Inspections within ELC and Out of School Care

16) This recommendation relates to Recommendation 8 and the recurrent theme within Scotland of concern about a lack of focus on supporting the learning and development of young children. The recent Growing Up in Scotland report (Scottish Government 2014c) showed links between the Care and Support theme used within Care Inspections and children's outcomes. Analysis of the standards underpinning those inspections highlighted the content of section 4 of the current National Care Standards (2009) as fundamental to the Care and Support theme.

Retain the content of section 4 during any revision to the National Care Standards.


17) In order to better articulate the Scottish policy thrust that care and education are inseparable and cannot be viewed separately:

Formalise and simplify the current inspections position. Currently ELC settings can receive one shared inspection from two different bodies visiting together. In future, either a joint education and care inspection or one inspection conducted by one single inspectorate body for ELC should be standard.


Qualifications, training and working conditions: Qualifications

18) SQA and SSSC, together with associated bodies and stakeholders, to review the structure of all qualifications for ELC and OSC that they quality assure and accredit.

The core units and assessments of the awards, as appropriate, should better reflect the main business of the settings in which the student learners work. This should improve their ability to support learners in developing high quality relationships and interactions with children that promote wellbeing, and extend thinking and concept development.


19) If children's outcomes are to be supported and enhanced, it is important to ensure that there are highly qualified and knowledgeable practitioners in all ELC settings who lead learning and sensitively support families in developing a stimulating home learning environment.

Every strong profession has good initial, graduate entry route/s. More new and creative, initial graduate degrees designed for practitioners leading learning in ELC should be developed.

This could arrest the decline in teachers working face-to-face with young children, and should not threaten the work-based childhood practice degree programme or discourage further and higher educational institutions from offering their initial degree programmes to work-based practitioners through more creative, flexible delivery options.


20) Introduce an early years specific teacher training in universities at both initial (0-6, with specialisms in 0-3 and 3-6) and postgraduate levels which are resourced and supported on a par with primary school courses.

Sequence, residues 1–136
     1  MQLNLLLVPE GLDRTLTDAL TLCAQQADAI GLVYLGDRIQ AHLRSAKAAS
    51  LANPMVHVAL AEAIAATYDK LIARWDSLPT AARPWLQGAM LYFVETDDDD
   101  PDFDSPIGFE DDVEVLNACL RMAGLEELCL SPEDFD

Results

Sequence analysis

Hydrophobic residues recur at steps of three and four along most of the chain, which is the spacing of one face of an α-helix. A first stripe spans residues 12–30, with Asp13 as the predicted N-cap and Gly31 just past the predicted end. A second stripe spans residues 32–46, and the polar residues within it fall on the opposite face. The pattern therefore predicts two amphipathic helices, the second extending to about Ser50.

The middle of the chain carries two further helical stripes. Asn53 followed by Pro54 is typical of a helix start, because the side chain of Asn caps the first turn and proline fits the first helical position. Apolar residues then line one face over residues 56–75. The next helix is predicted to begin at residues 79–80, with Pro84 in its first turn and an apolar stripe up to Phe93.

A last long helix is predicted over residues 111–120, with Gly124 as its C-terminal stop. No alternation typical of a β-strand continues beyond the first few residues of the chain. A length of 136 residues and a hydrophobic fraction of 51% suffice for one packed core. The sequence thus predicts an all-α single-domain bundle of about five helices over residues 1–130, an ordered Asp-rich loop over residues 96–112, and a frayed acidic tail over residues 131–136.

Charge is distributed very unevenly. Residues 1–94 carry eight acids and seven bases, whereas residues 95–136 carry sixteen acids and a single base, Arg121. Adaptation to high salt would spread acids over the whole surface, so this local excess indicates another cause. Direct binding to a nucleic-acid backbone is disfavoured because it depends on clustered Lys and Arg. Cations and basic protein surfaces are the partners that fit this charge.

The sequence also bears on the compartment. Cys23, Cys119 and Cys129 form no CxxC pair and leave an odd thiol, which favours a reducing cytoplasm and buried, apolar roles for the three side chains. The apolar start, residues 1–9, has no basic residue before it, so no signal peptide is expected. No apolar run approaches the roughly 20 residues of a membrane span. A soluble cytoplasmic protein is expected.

21) Offer conversion and upskilling courses (such as the well-known Froebel training) for current primary trained teachers who have the existing 3-12 teaching award, but who do not feel confident to teach younger children. These courses should be linked to available vacancies.


22) Universities and other Higher Education Institutions should consider the range of courses they offer for ELC: as well as offering initial graduate routes of high quality such as the one at Stirling University, they should increase Masters routes which include a strong research component.


Qualifications, training and working conditions: Quality Assurance

23) SQA and SSSC to introduce further checks on the effectiveness of training, assessment and qualifications providers to ensure standards and comparability. Emphasis should be placed on ensuring diversity of experiences within good and excellent settings and time given for reflection, planning and reading.


24) Qualifications bodies should engage in more collaborative working, including increased communication, which would ensure better understanding of each other's course content, core training needs and would develop continuity and progression within and across courses, both initial and postgraduate.

A key stakeholder group should be established by the Scottish Government to facilitate such communication and advise on future directions: it should include representation from relevant bodies such as SSSC.


Qualifications, training and working conditions: Status, Pay and Conditions

25) All practitioners should receive the living wage, or above, rather than the minimum wage.

Develop and recommend a national pay scale for ELC and OSC which should be adopted by all local authority provision and highly recommended to the third and private sector who serve funded children. This is likely to necessitate a review of funding of children's entitlement in ELC within the private and third sector.


26) Review remuneration over time for those who have worked to achieve their BA in Childhood Practice or those who, in the future, enter the profession with appropriate degree level qualifications.


27) Language is powerful in influencing people's attitudes and views. For this reason, the term practitioner should be reviewed as it is unlikely to be associated by a lay person with a professional or an expert in their sector. The Early Years Division should consult the sector and find a more suitable term.


Qualifications, training and working conditions: Inequality

28) LAs should bring LA and partnership settings together to support planning and management of the ELC and OSC workforces in a more integrated way.


Qualifications, training and working conditions: Recruitment

29) Guidance needs to be prepared and disseminated to career service advisors, and those responsible in secondary schools for supporting young people with career choices, to ensure that they understand the importance of the work and rigours of the qualifications and day-to-day challenges in professions related to ELC and OSC.